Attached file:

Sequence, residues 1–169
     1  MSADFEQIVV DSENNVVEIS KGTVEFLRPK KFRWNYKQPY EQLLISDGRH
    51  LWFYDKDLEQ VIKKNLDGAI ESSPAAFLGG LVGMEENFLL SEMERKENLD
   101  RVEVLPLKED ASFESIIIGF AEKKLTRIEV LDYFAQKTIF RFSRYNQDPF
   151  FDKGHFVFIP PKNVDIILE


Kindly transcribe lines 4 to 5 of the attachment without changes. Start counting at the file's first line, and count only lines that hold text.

   101  RVEVLPLKED ASFESIIIGF AEKKLTRIEV LDYFAQKTIF RFSRYNQDPF
   151  FDKGHFVFIP PKNVDIILE